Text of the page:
Apollo mourned the death of Hyacinthus so deeply that his tears were powerful enough to grow flowers where they landed on the ground.

These flowers were hyacinths. Hyacinths are bulbous flowers that grow in clusters in the shapes of bells. Petals can be blue, all shades of purple, pink, yellow, and pure white.

The clusters of flowers grow tall above thick waxy green leaves, on plants that can grow up to 15 inches tall.

Thanks to the Greek climate, hyacinths have evolved to do best in moderately dry conditions, and they do not like being exposed to lots of moisture.

So, when planting your hyacinths, try to do so in an area that receives lots of sunlight, and in soil that is well-draining.

Also, despite their pretty appearance, hyacinth residue can be very irritating to human skin, so make sure you are wearing gloves when handling the flowers.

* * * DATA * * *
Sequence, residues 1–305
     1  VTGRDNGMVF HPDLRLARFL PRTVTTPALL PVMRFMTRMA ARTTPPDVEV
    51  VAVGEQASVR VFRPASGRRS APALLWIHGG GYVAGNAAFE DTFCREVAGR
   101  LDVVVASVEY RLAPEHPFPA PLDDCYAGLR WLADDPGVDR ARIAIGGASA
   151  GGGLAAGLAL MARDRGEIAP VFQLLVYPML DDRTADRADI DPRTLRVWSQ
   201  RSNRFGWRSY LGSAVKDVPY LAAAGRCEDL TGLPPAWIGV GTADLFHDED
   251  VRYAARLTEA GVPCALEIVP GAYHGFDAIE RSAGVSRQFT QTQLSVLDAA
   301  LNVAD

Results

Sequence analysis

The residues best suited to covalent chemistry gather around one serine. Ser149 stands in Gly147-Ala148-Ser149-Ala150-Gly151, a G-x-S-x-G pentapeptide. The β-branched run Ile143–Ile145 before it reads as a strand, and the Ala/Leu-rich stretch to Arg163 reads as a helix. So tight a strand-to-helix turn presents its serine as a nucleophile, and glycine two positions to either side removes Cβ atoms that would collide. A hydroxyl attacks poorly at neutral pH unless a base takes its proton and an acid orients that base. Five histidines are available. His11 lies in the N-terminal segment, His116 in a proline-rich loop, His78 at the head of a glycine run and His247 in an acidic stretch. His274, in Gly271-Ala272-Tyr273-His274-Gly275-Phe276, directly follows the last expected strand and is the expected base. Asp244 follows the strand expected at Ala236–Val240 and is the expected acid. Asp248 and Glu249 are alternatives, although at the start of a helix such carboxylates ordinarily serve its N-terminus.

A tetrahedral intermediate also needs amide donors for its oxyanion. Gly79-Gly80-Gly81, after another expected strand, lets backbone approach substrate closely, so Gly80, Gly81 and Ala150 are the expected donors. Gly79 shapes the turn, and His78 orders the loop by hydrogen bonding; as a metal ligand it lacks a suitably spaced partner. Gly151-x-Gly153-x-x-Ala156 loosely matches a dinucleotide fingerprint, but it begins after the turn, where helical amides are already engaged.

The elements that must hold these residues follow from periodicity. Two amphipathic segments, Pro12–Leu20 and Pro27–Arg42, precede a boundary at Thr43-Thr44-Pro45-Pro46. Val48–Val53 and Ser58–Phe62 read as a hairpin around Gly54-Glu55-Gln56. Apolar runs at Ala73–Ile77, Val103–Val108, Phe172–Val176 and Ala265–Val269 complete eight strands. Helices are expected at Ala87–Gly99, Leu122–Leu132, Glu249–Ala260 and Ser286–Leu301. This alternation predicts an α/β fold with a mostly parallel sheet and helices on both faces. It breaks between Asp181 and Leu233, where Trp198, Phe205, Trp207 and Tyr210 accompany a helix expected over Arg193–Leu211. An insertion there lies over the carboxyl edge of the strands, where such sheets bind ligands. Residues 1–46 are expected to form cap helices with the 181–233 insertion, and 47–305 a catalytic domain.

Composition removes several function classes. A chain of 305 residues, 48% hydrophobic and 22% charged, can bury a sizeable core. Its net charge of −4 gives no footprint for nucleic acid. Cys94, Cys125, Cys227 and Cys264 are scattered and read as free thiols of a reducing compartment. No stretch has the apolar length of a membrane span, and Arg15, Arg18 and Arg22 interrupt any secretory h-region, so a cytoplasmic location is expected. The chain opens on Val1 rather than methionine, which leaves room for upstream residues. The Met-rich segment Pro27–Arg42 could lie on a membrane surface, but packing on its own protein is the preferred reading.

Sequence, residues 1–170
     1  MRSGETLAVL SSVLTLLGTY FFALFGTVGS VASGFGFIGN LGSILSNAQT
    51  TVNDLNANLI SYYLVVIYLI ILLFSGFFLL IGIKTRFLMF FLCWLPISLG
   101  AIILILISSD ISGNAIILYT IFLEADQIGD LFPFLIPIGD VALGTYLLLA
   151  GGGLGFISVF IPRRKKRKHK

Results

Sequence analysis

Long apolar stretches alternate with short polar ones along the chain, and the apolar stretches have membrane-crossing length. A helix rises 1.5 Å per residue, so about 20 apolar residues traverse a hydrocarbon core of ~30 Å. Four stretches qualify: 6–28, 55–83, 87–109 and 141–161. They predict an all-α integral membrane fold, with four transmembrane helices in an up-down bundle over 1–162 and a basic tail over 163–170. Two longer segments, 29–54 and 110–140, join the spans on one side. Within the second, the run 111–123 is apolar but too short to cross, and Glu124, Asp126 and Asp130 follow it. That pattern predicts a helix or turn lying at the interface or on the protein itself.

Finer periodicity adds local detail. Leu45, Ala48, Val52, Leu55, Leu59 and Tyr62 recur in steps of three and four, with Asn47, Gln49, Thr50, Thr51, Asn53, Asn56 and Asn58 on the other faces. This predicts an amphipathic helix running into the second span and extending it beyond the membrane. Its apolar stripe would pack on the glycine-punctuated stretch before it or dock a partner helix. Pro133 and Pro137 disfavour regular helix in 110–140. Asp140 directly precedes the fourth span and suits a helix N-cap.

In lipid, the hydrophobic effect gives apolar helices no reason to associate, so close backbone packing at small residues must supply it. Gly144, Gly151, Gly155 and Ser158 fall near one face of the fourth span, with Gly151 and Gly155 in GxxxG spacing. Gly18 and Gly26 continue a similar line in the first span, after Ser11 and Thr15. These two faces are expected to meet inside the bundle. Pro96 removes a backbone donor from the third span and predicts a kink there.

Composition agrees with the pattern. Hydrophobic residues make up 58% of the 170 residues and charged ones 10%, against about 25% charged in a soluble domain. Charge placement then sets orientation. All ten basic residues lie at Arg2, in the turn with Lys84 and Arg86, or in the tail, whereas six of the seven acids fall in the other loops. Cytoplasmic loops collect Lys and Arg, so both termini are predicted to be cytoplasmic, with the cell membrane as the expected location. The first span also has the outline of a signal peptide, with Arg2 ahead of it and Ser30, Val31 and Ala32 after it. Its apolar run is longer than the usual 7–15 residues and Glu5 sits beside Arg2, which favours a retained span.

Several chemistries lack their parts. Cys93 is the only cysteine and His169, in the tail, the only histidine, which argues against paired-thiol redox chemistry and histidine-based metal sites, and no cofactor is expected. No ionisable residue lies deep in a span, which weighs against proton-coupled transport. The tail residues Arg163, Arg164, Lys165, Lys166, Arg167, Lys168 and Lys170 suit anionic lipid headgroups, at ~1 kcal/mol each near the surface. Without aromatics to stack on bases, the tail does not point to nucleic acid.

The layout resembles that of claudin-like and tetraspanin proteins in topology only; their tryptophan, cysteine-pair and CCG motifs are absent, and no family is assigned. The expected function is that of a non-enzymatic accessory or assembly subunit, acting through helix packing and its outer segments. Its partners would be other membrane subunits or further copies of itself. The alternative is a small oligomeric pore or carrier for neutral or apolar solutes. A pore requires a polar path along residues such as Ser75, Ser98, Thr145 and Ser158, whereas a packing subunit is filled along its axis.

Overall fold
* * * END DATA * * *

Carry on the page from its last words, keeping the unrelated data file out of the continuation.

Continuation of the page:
7. Dianthus

Dianthus

Otherwise known as carnations, these popular flowers are found all over the world, and are admired for their ruffled petals and bright colors.

As with most Greek flowers, there is a Greek mythological story associated with carnations. Artemis, the goddess of hunting, proceeded to walk through the forest after a disappointing hunt.

As she wondered, she came across a man playing the flute. Because of how unsuccessful her hunt had been, she was not in a good mood, and proceeded to blame the musician for her failings.

In a fit of rage, Artemis gouged out the eyes of the innocent man. Soon after, her anger subsided and left her with deep regret and guilt.

Upon the ground where she had dropped the man’s eyes, red carnations began to grow. Supposedly, these red carnations represented the spilling of innocent blood.